Ranjit’s story

At the age of 10 Ranjit’s parents had forced him to drop out of school to earn money selling balloons at traffic junctions with peers. Soon they felt into stealing or shoplifting. One day he was arrested. Police referred him to Aangan's Youth Center, where he participated in all its activities and took a lot of initiative. Within months he was selected for a scholarship to hold cricket tournaments for young boys like himself combining sports and sessions on life skills. Today he makes a living from working in an auto repair workshop and sets an example for other youths.

For Ranjit, home was a tiny space under a flyover at a busy junction, where he lived with his family who had moved from their native village. A class 5 dropout, Ranjit was forced to help support his family by selling balloons. He soon fell into pick-pocketing and shoplifting and was arrested after stealing from a foreign citizen. 

Ranjit began coming to the Aangan Youth Center at Dongri right from its inception and soon became a regular at the Center. He stood out for his leadership skills and was charming, charismatic, organized and managed to get things going. He had the gift of the gab and could convince many children to come to the Youth Center. He would organize different camps and was involved with almost all Centre activities.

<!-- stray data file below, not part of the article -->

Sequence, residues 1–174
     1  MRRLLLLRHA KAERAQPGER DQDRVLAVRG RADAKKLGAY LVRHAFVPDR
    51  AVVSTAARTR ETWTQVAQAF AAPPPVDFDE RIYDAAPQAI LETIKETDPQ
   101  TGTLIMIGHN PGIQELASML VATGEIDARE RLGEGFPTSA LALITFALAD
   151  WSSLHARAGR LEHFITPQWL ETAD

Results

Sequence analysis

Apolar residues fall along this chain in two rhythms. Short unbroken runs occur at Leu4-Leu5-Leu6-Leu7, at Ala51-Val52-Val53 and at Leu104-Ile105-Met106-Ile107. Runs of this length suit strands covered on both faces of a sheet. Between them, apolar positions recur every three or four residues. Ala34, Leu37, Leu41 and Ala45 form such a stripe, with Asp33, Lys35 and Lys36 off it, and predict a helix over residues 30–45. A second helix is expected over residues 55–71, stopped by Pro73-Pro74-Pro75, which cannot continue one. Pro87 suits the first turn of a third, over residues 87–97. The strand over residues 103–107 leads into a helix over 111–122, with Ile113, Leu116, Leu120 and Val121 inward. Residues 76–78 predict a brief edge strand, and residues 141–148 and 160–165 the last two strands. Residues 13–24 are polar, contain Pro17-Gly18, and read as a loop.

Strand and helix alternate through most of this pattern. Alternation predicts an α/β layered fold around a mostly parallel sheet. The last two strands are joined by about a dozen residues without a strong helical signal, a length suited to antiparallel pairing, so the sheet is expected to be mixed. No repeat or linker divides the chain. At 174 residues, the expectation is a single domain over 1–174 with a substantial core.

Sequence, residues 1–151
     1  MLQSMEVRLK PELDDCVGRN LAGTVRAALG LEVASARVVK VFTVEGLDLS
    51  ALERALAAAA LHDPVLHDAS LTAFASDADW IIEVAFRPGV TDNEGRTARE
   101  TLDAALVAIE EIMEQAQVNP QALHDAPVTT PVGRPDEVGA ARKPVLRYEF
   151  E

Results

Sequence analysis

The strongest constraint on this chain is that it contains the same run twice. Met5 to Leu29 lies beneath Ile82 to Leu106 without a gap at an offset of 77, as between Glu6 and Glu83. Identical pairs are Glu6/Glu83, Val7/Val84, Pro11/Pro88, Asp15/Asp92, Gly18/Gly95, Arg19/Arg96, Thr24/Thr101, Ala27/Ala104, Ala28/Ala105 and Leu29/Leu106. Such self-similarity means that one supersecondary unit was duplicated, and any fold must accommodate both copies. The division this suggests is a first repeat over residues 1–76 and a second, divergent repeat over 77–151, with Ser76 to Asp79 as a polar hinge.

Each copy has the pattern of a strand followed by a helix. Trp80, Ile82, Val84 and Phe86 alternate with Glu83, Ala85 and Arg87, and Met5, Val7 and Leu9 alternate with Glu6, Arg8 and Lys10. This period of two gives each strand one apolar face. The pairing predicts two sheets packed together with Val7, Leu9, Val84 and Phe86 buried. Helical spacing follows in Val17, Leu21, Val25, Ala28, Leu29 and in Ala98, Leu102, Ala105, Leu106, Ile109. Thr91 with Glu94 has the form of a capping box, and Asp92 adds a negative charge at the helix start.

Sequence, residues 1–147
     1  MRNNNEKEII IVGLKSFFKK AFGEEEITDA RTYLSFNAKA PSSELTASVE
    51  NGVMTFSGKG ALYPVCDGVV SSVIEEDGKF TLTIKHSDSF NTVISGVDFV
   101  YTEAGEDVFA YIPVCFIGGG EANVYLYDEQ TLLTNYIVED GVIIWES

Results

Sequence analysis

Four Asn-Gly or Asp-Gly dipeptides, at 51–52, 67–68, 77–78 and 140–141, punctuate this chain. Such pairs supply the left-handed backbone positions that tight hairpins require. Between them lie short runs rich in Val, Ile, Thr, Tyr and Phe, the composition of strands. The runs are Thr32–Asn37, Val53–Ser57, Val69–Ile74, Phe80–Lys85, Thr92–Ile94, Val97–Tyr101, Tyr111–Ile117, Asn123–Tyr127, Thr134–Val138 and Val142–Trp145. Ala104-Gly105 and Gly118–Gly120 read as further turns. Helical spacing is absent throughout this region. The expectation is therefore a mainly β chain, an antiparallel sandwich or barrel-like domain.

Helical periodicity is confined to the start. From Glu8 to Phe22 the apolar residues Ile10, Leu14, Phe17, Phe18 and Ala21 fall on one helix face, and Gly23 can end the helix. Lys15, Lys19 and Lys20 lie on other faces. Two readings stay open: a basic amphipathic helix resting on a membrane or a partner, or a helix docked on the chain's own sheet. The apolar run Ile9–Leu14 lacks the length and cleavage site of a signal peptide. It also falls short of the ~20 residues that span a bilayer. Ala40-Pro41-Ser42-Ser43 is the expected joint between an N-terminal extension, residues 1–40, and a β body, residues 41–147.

While his initial foray into rehabilitation was marked by enthusiasm and passion, he suddenly withdrew from all activities, stopped coming to the Centre and was later found by Aangan counselors gambling at a street corner. Over a cup of tea, Ranjit poured his heart out to us, telling us about his family history and how his father, who used to be a money lender, didn’t work anymore. He also confessed to us about the pressure he and his siblings were under to bring in money, all of which had led him to believe that a life of crime was his only option.

It was purely by chance then that Aangan had been contacted by a social organization interested in giving scholarships to youth who were making changes in their community. We thought that this would be a great opportunity for someone like Ranjit, who wanted to get himself out of the cycle of crime and change people’s attitudes towards him and his community. 

Ranjit thought of a wonderful initiative for the scholarship programme – to marry his love of cricket with social change. He wanted to use the scholarship to hold cricket tournaments around the city and through them, talk about things that affected boys like him including drinking, gambling, drug addiction and criminal activity. He was awarded the scholarship and successfully planned and organized cricket tournaments which often began or ended with a guest speaker talking about addiction and gambling. Ranjit feels that he has been given a new lease on life.  He has used his experience with the scholarship programme to find a permanent job in an auto garage and also runs his own small business of selling fruit. He no longer drinks and gambles, is saving money, and is setting an example for many boys floundering under similar circumstances.

Comments are closed.